Computer Hacking Scam: Imposters Act as Microsoft Help Employees

FTC says computer con men masquerading as Microsoft IT guys are actually hacking your computer.
2:58 | 10/24/14

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Transcript for Computer Hacking Scam: Imposters Act as Microsoft Help Employees
with "Gma" investigators. A brazen phone scam as hackers pose as Microsoft employees taking control of people's computers. And then hold their data storage -- hostage. The ftc is announcing this morning it shut down the company running this scam. Selling these bogus services. Matt Gutman has the story. Matt, this is insane. Reporter: It is absolutely. And this morning the ftc announcing to us exclusively they are shutting down one of these major scammers worth $2.5 million. They are proliferating faster than global authorities can whack them down. Taking advantage of harmless error messages already on your computer. My name is John. Reporter: If it looks bad for your computer. We are receiving some critical warnings from your computer. Reporter: It could be worse for your wallet. The I.T. Guy isn't help, he's hacking. Connect you to the windows technical team of Microsoft. Reporter: The ftc these conmen masquerade as employees for Microsoft. Cyber security experts warn -- There are going to be more of these. Reporter: Each scammer making hundreds of calls a day. Kristina receiving one of them. The former school principal said earlier this year she got a popup with a dire warning. It said 400-some error messages noted by Microsoft. Call this number right away. We'll assist you. Reporter: When she called, a man answered. He had a customer I.D. Number for me. Reporter: The man asked to connect to the computer. She let him take control remotely and never got it back. He says if you want everything that was there back, you know what you have to do. Reporter: That doesn't sound like an I.T. Guy, sounds like a street thug. That's what it sounds like. Reporter: The guy said to buy a money card and send it to him. She was savvy enough to know what to do next. I hung up. Reporter: Microsoft tells "Gma" investigators it would never call consumers asking for money. My name is John. Reporter: But remember the scammer, John, we caught up with him by phone in calcutta. He says he quit the business. I wonder if you feel badly for having taken part in that? I do feel bad. I do feel bad. Reporter: What do you do to protect yourself from people like John? First of all apple and Microsoft are never going to call to hit you up for money. Cyber security experts tell us update your antivirus software as often as you can. And the hardest one, change where are password, make it exotic and secret. Change it often. Doesn't take long. Thank you so much.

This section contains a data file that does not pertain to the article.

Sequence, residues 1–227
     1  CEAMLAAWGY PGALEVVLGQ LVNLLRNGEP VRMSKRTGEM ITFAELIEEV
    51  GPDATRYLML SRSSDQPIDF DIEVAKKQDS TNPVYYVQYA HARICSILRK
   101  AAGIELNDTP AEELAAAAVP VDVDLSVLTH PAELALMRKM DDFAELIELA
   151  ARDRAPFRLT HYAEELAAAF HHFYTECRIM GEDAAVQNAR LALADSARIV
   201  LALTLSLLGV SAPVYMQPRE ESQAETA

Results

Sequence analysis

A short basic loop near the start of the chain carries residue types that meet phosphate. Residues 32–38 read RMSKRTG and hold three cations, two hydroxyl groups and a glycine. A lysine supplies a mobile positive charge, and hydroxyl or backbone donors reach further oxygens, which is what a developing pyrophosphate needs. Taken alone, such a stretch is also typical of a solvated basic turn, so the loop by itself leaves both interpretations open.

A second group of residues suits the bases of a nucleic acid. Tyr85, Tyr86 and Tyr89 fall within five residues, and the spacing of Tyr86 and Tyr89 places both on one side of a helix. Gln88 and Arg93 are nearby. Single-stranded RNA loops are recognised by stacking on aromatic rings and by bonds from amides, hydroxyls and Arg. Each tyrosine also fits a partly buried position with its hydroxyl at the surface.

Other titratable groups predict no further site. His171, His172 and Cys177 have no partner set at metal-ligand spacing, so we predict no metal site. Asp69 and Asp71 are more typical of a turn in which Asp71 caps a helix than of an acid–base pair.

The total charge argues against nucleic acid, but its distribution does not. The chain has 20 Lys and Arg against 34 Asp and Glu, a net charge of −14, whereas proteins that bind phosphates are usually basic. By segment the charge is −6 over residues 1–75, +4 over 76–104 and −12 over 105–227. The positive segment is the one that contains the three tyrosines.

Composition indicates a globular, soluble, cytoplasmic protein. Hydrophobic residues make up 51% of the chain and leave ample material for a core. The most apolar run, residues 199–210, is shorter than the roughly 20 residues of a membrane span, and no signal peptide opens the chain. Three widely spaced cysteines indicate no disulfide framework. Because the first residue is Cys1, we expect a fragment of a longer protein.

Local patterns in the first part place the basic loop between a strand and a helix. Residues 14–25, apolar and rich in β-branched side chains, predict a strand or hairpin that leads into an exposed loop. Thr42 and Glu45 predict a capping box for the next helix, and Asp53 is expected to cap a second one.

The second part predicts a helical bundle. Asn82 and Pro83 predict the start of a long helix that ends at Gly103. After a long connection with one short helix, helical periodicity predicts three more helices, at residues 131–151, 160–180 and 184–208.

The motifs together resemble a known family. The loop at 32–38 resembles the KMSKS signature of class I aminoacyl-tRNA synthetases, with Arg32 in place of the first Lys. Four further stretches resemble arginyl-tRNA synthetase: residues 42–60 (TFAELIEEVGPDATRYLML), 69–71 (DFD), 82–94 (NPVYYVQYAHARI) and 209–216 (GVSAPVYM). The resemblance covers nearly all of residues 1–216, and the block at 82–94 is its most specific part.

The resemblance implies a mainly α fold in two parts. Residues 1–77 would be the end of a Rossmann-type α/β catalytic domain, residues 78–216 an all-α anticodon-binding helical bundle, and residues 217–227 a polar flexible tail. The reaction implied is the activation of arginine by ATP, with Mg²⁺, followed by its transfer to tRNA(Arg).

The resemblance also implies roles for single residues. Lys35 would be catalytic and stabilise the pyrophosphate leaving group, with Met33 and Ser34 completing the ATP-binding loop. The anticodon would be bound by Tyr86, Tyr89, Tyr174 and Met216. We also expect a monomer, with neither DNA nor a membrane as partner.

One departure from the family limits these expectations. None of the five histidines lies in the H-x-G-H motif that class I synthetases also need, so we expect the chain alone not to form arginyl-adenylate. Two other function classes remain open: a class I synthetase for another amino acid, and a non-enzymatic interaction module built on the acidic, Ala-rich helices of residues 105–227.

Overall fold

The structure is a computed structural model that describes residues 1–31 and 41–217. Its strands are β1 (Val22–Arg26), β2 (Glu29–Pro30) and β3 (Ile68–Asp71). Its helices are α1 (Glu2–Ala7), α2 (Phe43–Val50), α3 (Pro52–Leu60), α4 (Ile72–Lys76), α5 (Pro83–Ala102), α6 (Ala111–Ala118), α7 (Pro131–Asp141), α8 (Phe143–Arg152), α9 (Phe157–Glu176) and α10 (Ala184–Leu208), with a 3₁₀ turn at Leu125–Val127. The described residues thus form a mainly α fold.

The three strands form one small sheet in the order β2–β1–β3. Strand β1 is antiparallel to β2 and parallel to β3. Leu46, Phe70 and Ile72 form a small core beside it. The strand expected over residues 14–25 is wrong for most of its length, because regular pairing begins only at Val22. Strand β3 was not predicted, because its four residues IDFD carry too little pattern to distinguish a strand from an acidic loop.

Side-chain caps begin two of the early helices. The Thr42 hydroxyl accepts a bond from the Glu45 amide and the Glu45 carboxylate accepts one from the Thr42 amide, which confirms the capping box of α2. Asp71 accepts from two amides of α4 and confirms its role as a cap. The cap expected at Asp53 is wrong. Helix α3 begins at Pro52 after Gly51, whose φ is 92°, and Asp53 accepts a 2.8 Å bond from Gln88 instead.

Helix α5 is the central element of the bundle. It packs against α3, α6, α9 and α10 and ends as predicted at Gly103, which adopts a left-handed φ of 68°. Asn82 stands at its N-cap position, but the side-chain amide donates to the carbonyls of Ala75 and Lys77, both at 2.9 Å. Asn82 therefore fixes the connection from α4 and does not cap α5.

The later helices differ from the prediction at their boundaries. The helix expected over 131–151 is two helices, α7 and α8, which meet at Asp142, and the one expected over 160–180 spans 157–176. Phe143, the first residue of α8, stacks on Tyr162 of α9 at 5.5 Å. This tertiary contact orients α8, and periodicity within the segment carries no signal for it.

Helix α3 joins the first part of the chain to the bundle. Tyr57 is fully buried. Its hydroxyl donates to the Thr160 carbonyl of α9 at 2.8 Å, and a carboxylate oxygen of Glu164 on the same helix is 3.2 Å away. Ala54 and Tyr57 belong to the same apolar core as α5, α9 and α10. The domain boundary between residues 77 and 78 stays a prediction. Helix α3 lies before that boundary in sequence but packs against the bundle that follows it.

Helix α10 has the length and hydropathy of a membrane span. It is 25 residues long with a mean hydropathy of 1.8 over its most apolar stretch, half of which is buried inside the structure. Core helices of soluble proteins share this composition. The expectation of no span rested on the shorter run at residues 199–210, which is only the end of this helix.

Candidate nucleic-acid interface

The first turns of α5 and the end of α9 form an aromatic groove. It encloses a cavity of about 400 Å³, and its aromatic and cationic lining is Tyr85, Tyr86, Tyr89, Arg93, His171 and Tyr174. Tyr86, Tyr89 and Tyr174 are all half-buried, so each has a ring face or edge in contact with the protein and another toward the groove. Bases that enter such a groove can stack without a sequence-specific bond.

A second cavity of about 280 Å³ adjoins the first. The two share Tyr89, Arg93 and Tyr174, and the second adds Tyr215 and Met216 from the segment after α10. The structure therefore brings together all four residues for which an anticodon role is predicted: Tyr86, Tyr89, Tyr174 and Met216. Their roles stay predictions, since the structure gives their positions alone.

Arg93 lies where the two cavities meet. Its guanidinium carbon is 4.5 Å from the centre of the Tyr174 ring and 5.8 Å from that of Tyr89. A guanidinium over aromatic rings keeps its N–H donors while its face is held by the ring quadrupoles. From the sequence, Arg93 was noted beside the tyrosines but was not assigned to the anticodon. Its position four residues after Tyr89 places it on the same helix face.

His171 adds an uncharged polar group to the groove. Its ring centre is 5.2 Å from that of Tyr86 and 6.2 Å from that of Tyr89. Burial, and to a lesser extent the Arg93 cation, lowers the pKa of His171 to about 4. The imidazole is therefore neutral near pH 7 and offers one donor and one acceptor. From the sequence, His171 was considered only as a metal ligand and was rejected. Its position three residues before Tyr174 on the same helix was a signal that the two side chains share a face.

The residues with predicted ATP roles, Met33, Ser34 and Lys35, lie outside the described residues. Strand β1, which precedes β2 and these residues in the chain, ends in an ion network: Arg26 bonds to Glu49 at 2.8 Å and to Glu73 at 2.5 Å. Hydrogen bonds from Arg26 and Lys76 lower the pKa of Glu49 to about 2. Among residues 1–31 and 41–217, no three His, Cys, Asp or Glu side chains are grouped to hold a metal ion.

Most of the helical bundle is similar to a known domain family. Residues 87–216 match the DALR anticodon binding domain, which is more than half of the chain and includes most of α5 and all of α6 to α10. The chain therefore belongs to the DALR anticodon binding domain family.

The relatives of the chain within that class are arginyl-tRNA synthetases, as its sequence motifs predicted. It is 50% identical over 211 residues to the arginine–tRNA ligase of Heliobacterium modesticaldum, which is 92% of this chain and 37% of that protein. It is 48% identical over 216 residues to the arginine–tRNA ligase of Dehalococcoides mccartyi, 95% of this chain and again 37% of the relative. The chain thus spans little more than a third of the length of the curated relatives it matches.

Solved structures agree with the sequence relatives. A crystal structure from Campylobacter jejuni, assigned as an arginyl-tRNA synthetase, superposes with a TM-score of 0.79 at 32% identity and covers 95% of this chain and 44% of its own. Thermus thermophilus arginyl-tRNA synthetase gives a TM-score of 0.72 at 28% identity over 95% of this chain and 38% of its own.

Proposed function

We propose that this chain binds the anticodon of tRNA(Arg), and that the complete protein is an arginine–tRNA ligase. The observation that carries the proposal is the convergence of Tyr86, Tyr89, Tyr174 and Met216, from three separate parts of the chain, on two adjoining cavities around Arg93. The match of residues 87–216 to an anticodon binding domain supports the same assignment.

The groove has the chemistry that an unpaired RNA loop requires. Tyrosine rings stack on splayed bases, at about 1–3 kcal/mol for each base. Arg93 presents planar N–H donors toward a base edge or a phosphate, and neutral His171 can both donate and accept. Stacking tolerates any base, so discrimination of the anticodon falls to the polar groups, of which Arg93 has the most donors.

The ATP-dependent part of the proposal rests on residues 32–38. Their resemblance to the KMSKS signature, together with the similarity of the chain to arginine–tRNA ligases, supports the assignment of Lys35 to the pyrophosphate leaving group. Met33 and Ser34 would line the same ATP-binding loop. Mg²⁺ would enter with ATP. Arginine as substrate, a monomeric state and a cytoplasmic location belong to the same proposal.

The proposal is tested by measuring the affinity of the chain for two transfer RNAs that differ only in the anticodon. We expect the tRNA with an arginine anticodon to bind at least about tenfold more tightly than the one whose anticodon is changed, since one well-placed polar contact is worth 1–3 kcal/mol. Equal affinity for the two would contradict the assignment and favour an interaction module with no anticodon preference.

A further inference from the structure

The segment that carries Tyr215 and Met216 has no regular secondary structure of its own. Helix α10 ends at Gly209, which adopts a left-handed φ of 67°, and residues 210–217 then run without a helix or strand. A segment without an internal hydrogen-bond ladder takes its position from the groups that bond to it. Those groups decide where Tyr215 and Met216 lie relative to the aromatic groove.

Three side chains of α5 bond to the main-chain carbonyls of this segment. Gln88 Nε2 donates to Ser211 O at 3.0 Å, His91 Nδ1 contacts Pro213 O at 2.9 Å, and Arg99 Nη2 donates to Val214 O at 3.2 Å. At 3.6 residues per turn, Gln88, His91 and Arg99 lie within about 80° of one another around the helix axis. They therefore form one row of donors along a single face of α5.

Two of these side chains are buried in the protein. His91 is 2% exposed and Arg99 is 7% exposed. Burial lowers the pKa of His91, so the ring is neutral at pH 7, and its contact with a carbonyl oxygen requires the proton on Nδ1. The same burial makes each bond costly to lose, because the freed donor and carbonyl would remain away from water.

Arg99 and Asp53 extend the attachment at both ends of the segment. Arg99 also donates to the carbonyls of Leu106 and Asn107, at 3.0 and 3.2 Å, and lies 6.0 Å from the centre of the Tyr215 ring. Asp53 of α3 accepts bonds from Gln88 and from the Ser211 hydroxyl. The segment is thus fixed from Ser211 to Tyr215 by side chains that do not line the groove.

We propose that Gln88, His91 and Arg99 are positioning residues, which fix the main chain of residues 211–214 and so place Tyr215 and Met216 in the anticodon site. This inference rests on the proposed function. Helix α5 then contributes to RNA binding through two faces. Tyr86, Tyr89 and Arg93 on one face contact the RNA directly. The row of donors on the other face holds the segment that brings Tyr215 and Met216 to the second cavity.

This transcript has been automatically generated and may not be 100% accurate.

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